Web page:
The rule is the same in the Federal courts. Stewart v. Ramsay, 242 U.S. 128. Page Co. v. Macdonald, 261 U.S. 446. It applies to a witness in bankruptcy proceedings before a judge (Morse-Koob, Inc. v. Milner Export & Trading Co. Inc. 93 F. Supp. 344, 345 [W. D. Okla.]) or before a referee in bankruptcy. Morrow v. U. H. Dudley & Co. 144 Fed. 441 (M. D. Pa.). In re Smith Constr. Co. 224 Fed. 228, 230 (N. D. Ga.). Matthews v. Tufts, 87 N. Y. 568, 570-571. No case has been found dealing with a trustee in bankruptcy.

The reasoning of the District Court judge was that while the appearance of the defendant at the office of the attorney for the trustee on January 6 was not part of an examination conducted under Section 21 (a) [Note p405-1] of the Bankruptcy Act (11 U. S. C.

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Section 44 [a] [1958]), "it was a part of the formal procedure conducted as required of the defendant by the Bankruptcy Act as administered by the Federal Court and as such he was immune from service of process from our courts."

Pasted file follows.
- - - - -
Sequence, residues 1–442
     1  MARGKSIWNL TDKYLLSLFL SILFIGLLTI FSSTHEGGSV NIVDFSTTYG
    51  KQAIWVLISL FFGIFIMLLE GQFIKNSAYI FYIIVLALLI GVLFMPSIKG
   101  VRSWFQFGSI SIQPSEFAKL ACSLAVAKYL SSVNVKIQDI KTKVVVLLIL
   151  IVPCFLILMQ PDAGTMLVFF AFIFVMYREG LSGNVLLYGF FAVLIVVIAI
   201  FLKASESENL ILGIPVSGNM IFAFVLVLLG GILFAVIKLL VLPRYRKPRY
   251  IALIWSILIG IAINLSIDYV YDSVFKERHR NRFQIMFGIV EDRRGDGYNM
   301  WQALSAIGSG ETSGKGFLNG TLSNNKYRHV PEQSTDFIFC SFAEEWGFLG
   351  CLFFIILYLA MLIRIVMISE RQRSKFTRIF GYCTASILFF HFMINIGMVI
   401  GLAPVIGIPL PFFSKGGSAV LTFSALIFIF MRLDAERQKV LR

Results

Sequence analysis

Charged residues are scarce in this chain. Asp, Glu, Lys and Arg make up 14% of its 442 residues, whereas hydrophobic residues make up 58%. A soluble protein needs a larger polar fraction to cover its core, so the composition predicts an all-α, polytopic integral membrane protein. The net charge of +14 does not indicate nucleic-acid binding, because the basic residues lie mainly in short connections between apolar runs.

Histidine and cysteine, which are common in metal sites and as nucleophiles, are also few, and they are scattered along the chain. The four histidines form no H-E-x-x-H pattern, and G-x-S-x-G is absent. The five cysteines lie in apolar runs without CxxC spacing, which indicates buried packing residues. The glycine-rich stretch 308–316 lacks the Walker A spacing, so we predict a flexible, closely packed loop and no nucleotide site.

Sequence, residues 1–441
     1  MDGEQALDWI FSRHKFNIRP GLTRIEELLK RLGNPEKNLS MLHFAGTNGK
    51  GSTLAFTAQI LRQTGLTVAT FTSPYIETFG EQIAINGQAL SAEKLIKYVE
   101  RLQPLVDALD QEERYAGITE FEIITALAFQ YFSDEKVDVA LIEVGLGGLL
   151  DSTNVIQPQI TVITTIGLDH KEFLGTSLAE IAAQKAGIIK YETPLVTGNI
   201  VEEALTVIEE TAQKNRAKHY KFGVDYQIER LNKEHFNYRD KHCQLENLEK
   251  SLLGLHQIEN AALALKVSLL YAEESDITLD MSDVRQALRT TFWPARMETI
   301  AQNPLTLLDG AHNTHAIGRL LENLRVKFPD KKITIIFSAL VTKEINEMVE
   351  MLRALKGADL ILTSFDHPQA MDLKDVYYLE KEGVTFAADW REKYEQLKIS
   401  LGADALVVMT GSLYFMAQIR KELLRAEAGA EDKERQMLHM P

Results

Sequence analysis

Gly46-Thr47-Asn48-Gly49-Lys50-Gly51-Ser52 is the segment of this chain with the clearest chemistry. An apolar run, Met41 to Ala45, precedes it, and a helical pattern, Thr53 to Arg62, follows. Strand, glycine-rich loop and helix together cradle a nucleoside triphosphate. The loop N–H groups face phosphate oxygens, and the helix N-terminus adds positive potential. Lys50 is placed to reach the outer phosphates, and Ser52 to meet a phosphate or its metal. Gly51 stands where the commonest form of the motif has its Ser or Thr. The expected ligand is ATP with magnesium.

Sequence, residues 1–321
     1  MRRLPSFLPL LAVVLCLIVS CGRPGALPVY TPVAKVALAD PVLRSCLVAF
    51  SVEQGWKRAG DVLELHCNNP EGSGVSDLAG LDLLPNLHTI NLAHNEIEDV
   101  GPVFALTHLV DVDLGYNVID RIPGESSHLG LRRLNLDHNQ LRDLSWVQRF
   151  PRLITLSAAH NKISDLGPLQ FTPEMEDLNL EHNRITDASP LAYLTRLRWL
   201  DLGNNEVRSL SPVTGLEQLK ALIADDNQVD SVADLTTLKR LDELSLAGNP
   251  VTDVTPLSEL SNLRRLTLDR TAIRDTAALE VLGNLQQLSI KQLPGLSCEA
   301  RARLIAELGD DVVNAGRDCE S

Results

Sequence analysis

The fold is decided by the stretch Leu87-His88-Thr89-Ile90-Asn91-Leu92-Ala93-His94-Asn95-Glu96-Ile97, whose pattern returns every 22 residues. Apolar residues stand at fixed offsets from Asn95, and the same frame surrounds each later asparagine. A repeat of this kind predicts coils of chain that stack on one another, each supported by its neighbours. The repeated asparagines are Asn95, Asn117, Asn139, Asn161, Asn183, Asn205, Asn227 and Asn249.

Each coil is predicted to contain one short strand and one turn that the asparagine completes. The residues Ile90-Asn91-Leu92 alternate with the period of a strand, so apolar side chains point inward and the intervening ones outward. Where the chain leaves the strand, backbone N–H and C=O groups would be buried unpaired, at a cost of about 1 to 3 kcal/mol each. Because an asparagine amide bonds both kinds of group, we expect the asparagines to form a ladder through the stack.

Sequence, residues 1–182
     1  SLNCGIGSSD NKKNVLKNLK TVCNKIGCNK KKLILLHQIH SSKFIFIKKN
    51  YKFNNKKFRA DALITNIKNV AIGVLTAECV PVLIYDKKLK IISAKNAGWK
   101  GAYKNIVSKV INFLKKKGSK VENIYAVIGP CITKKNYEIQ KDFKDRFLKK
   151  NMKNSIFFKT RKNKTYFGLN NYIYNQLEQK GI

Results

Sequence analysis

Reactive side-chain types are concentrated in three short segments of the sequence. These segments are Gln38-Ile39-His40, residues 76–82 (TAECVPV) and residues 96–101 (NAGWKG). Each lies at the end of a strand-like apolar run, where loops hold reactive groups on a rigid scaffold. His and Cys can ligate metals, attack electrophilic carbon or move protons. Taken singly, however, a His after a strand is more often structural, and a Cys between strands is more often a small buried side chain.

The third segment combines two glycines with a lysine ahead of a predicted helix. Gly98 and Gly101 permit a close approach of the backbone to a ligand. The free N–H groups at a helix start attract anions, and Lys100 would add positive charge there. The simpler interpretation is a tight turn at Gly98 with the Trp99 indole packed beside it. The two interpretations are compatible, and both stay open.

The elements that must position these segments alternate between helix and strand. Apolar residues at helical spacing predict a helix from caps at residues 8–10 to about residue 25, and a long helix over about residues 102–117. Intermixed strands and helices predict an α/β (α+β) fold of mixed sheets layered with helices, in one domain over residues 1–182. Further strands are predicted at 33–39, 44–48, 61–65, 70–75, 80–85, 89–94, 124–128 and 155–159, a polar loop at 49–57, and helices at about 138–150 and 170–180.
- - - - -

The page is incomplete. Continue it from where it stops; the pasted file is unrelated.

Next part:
In its opinion reversing the District Court, the Appellate Division quoted the definition of "court," Section 1 (9) of the Act (11 U. S. C. Section 1 [9] [1958]), "the judge or the referee of the court of bankruptcy in which the proceedings are pending," and then stated that the examination on January 6 did not come within Section 7 (a) [Note p406-1] (11 U. S. C. Section 25 [a] [1958]) since it was not the first meeting of creditors, a hearing upon objections to discharge, or a hearing ordered by the court. Likewise it was not within the authority given to trustees under Section 47 (a) (7) (11 U. S. C. Section 75 [a] [7] [Supp. V, 1963]) to "examine the bankrupts (a) at the first meetings of creditors or at other meetings especially fixed for that purpose, unless they shall already have been fully examined by the referees, receivers, or creditors, and (b) upon the hearing of objections, if any, to their discharges, unless otherwise ordered by the court." The conclusion of the Appellate Division was that "the examination or hearing . . . was arranged by the attorneys for the respective interested parties and was not an examination or hearing ordered by the court or referee which would have stamped it a judicial proceeding."